I'm using maya, and if I want to render just a single segment of a scene, I just create a camera at (0,0,0) with the aim pointed at the object (0,0,1), and I don't have to adjust anything else, the object is properly positioned.
Also, I noticed that I get best results when I don't touch any of the default settings in ZBM2OBJ, e.g. nclip: 0.01, fclip: 10.0, FOV: 75, MAX: 1. If I try to adjust them to match the scene from the *.SET file, I get badly formed OBJs. Is this the intended behaviour?
so the nclip and fclip currently don't work properly, they just basically scale the mesh but the values are not correct, i usually use the default values. max z is also dependent on the nclip and fclip values so if you increase them you should increase max z as well.
the fov on the other hand is very important you should use the exact number from the .set files, if you don't the model will appear stretched. you can verify that the fov is correct if you look at the mesh from the camera. if you set the same fov and aspect ratio on the camera the frame should be filled completely.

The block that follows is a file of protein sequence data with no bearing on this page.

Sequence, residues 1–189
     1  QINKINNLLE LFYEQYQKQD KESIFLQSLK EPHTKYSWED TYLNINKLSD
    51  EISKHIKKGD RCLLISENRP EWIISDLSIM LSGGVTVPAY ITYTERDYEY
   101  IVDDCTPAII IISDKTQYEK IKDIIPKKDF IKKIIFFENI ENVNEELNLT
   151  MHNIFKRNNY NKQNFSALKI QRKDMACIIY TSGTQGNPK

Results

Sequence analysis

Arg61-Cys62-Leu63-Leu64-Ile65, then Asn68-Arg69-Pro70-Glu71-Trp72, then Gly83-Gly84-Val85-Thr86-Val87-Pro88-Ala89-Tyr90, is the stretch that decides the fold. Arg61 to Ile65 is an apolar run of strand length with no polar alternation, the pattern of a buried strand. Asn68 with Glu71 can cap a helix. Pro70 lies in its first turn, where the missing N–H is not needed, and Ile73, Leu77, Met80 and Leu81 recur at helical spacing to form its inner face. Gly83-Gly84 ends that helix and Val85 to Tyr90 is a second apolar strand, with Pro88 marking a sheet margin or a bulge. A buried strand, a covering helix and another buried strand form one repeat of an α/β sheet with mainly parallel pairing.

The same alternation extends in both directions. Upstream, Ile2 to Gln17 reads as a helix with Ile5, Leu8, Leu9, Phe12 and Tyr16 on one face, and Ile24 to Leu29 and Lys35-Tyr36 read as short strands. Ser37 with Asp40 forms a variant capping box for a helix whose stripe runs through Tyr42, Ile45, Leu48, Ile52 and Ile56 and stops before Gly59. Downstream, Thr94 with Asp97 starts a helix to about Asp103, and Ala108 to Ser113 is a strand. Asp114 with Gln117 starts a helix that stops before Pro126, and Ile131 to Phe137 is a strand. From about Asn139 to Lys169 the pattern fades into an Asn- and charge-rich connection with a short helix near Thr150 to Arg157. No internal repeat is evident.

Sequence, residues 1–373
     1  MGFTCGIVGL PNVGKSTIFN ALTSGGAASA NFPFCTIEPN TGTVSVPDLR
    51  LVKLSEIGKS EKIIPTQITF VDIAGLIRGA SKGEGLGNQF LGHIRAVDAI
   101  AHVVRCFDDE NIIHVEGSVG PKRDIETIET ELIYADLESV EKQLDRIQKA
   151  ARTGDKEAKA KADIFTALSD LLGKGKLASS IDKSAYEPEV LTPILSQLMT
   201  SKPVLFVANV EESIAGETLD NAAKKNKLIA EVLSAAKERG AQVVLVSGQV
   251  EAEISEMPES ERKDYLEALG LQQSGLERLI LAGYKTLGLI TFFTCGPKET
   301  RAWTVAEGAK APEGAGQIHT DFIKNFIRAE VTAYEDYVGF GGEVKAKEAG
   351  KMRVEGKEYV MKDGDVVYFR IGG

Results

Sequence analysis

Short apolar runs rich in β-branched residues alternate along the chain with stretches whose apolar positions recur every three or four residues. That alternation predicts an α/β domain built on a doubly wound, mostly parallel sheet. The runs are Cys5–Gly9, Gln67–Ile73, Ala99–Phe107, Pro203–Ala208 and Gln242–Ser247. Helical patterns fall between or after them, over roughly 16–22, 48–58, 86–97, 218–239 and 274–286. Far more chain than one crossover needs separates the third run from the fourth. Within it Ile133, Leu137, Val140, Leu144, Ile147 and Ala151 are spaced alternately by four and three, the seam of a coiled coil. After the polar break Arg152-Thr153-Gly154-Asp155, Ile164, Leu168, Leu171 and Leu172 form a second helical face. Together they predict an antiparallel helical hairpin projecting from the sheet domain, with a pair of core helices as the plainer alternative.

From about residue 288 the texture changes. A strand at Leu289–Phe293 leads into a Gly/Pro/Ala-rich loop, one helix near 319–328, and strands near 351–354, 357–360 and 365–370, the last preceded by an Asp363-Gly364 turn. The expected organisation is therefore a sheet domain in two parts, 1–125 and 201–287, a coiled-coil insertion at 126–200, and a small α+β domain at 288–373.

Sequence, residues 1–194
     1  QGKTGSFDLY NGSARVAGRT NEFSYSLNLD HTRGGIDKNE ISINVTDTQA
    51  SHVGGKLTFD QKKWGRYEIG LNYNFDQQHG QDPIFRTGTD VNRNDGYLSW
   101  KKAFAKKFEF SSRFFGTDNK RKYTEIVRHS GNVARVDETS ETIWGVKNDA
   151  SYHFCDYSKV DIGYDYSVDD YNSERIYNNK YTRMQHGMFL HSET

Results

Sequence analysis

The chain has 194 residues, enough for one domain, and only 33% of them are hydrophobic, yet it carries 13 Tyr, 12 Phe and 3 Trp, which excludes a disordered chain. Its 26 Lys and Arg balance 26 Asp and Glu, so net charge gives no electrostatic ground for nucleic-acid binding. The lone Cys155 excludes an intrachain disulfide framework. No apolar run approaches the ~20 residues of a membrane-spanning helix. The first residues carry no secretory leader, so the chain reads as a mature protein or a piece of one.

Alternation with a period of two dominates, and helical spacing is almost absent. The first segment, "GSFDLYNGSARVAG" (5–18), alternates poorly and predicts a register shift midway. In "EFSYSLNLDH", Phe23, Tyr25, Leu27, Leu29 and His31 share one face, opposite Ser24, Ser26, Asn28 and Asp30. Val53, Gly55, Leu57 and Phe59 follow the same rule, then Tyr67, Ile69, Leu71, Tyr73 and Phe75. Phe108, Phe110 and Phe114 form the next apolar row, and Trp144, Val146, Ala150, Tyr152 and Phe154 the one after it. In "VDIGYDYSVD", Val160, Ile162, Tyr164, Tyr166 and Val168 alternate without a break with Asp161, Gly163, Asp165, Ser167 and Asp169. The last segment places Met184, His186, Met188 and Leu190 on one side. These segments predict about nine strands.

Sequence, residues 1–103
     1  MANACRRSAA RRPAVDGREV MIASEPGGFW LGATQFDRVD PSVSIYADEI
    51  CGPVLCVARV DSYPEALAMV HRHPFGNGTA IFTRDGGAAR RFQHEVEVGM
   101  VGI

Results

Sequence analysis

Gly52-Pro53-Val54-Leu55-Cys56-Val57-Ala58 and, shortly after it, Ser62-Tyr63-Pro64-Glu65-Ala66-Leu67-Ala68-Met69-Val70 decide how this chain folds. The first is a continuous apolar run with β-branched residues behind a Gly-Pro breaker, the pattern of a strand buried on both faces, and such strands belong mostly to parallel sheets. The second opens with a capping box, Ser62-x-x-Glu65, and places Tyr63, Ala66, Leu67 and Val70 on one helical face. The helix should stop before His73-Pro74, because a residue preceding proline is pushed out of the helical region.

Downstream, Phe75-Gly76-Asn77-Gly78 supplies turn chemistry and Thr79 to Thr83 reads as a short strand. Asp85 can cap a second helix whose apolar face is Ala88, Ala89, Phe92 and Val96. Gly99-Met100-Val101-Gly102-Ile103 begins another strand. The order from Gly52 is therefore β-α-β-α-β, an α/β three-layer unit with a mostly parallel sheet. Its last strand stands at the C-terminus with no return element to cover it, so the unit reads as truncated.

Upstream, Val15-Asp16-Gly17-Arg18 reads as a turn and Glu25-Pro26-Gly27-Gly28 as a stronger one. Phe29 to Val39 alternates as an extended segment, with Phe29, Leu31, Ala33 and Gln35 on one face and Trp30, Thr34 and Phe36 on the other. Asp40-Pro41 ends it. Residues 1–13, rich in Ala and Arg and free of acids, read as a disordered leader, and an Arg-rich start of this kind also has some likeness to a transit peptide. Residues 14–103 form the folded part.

when you import the mesh the orientation isn't correct and it assumes that the camera is positioned and (0,0,0) and pointing at the object. to correct that you should move and rotate the camera and mesh together, in blender you can make the mesh the child of the camera so they transform together, i assume you can do the same in maya. so if you move the camera to the position from the .set file and point it at the interest point they should be set correctly.
here you can see that the walls and floor line up correctly
also the values in the .set files are very small so i multiply them by 10 so i don't have to scale the models too much.
I haven't really looked at the *.zbm structure, but if the *.zbms are just pixeldata (e.g. RGB values for each pixel), then there's only so much we can do with the for example 640x480 images. If however, it is actually differently stored, then possibly we could upscale that data to avoid jagged edges. (I find it unlikely that the *.zbms are stored otherwise though)
i haven't tried to open the *.zbms myself but the way different software read them is different, here you can see the rgb channels of the images i got from scummrev and grimedi.